FIG. 5.

Reduction of BDNF on AGE stimulation is dependent on ERK/MAP kinase signaling. A: Representative Western blot shows increased phospho-ERK in cells exposed to AGE-BSA for 48 h, with no change in total ERK levels. B: Quantitative densitometry showing that AGE-BSA–treated endothelial cells expressed significantly higher phospho-ERK levels compared with untreated cells or cells treated with normal BSA. *P < 0.05 between untreated and AGE-BSA treatment, N = 3 per group. C: Representative Western blot shows a coincident decrease in BDNF levels along with increase in pERK after 48 h of AGE-BSA treatment, and this effect is blocked with the MEK/ERK inhibitor U0126. D: Quantitative densitometry showing that the ability of AGE-BSA to suppress endothelial BDNF can be blocked by U0126. E: U0126 prevents the AGE-BSA–induced reduction in secreted BDNF, as quantified by enzyme-linked immunosorbent assay on brain media-CM across treatments. *P < 0.05 between untreated and AGE-BSA treatment. ‡P < 0.05 between AGE-BSA treatment and AGE-BSA and U0126 cotreatment, N = 4 per group. TBP, TATA-binding protein.

FIG. 5.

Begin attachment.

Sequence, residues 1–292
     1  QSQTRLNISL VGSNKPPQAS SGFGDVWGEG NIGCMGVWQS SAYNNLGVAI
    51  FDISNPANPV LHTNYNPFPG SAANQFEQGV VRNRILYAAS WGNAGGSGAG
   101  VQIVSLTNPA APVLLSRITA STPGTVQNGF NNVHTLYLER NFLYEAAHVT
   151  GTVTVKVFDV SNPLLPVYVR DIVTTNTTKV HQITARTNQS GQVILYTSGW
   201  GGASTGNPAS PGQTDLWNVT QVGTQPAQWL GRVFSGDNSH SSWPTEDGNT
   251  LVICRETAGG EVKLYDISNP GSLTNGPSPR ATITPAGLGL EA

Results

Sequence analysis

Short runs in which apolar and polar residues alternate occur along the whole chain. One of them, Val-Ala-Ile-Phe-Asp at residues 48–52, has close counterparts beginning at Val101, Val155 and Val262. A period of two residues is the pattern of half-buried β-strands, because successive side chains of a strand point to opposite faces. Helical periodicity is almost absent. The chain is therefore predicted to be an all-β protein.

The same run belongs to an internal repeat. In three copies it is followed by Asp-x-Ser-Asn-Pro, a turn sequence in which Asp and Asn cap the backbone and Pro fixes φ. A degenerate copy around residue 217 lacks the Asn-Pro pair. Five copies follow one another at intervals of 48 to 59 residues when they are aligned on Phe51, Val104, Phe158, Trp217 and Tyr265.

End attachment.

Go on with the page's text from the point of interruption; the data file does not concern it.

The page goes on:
Reduction of BDNF on AGE stimulation is dependent on ERK/MAP kinase signaling. A: Representative Western blot shows increased phospho-ERK in cells exposed to AGE-BSA for 48 h, with no change in total ERK levels. B: Quantitative densitometry showing that AGE-BSA–treated endothelial cells expressed significantly higher phospho-ERK levels compared with untreated cells or cells treated with normal BSA. *P < 0.05 between untreated and AGE-BSA treatment, N = 3 per group. C: Representative Western blot shows a coincident decrease in BDNF levels along with increase in pERK after 48 h of AGE-BSA treatment, and this effect is blocked with the MEK/ERK inhibitor U0126. D: Quantitative densitometry showing that the ability of AGE-BSA to suppress endothelial BDNF can be blocked by U0126. E: U0126 prevents the AGE-BSA–induced reduction in secreted BDNF, as quantified by enzyme-linked immunosorbent assay on brain media-CM across treatments. *P < 0.05 between untreated and AGE-BSA treatment. ‡P < 0.05 between AGE-BSA treatment and AGE-BSA and U0126 cotreatment, N = 4 per group. TBP, TATA-binding protein.